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What is Immune Complex Disease? — an article on the Smart Living Network
January 23, 2010 at 12:56 AMComments: 0 Faves: 0

What is Immune Complex Disease?


The immune system is still highly mysterious to the medical health community.Though researchers have made great strides toward understanding this complex marvel of the human body, there is still much that remains unknown.By better understanding the immune system, we will be able to have a better understanding of how to treat and cure diseases that seem to be invincible.Immune complex diseases seem to fall in just that category; learn about immune complexes, and what you can do to take care of your immune system.

What is an Immune Complex?

Groups of interlocking antigens and antibodies form immune complexes.A healthy immune system will use macrophages in the spleen and Kupffer cells in the liver to quickly remove immune complexes from the bloodstream.

Sometimes different circumstances allow the immune complexes to remain in circulation, and eventually they lodge in blood vessels or kidney, lung, skin, and joint tissues.The exact location is determined by the size and type of antigen and antibody in the immune complex.Once they are lodged in these areas they spark reactions that produce inflammation and tissue damage.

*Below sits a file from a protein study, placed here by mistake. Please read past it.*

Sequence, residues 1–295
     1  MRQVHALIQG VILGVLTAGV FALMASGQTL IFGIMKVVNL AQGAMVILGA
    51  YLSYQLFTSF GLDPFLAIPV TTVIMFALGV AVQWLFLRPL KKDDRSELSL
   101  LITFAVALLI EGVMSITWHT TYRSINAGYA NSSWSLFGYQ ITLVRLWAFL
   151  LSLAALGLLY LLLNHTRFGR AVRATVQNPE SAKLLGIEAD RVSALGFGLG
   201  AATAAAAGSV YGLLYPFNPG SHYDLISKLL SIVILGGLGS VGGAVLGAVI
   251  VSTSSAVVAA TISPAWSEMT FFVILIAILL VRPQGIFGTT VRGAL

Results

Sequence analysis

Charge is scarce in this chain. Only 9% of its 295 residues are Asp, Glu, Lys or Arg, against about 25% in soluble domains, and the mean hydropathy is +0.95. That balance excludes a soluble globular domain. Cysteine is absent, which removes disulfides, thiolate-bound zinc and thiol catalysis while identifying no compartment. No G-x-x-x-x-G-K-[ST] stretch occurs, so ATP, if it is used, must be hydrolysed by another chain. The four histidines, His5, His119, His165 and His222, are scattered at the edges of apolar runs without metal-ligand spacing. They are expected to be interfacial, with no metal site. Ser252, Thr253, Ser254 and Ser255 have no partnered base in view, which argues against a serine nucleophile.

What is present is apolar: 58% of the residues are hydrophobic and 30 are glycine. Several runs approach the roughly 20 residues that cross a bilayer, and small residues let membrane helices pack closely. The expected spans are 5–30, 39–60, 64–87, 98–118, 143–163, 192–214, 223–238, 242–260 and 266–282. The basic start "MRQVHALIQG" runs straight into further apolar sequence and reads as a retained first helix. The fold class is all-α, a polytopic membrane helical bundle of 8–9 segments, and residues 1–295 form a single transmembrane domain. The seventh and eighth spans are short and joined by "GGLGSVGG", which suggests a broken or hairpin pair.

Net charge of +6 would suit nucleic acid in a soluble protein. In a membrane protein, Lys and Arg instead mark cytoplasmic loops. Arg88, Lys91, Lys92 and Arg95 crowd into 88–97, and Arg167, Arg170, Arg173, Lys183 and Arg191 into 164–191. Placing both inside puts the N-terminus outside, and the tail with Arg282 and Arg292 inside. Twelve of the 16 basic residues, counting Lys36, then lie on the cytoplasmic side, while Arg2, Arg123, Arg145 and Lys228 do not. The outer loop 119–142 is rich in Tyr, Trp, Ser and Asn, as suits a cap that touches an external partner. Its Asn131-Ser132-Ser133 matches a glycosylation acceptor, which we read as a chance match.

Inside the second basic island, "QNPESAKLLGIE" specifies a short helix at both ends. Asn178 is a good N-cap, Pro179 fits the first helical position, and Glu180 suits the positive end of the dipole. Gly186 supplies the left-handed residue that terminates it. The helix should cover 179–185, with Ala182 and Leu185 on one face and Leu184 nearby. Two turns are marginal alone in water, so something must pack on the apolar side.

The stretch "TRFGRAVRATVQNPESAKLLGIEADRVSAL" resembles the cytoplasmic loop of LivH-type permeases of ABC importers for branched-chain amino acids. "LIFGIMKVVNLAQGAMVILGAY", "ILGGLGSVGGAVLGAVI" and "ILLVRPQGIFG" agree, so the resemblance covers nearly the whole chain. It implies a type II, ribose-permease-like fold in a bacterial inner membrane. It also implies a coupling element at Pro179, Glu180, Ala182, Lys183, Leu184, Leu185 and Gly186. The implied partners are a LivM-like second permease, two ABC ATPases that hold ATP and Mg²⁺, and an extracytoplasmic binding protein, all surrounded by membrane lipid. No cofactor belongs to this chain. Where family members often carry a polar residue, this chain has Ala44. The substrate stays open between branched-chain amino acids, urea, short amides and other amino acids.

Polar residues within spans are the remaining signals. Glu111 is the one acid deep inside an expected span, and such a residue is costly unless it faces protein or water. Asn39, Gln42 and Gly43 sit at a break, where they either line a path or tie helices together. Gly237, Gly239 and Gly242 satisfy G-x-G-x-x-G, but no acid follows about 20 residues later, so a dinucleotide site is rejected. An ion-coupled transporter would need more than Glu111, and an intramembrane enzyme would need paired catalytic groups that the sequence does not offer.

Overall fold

What causes Immune Complex Disease?

A normal immune system will form excess amounts of antibodies, leading to large immune complexes that are quickly removed from the system. Circulating immune complex disease appears when the body does not produce an adequate amount of antibodies that are necessary for the quick removal of antigens.Only a few small complexes are formed, and they are not recognized for removal. Instead, they become trapped in body tissues and result in immune complex disease.

Manifestations of Immune Complex Disease

These immune complex deposits throughout the body form a category of immunologic diseases.These can include:

  • Persistent low-grade infections
  • Inflammatory response to environmental antigens
  • Vasculitis
  • Nephritis
  • Arthus phenomenon
  • Serum sickness
  • Many connective tissue diseases
  • Subacute bacterial endocarditis
  • Frequently, autoimmune diseases
  • Can result in systemic diseases like lupus


There are both specific and non-specific forms of treatment for immune complex disease.


The foremost specific measure is the identification and elimination of the culprit antigen.This is usually a possibility with some infections in which treatments are readily available, or with a neoplasm, which can remove the antigen source.


More frequently used, non-specific treatments include anti-inflammatory agents like corticosteroids and immune suppressive agents like cyclophosphamide and azathioprine.These are used in an attempt to dull the body's immune response, which then decreases the amount of immune complexes that are produced.


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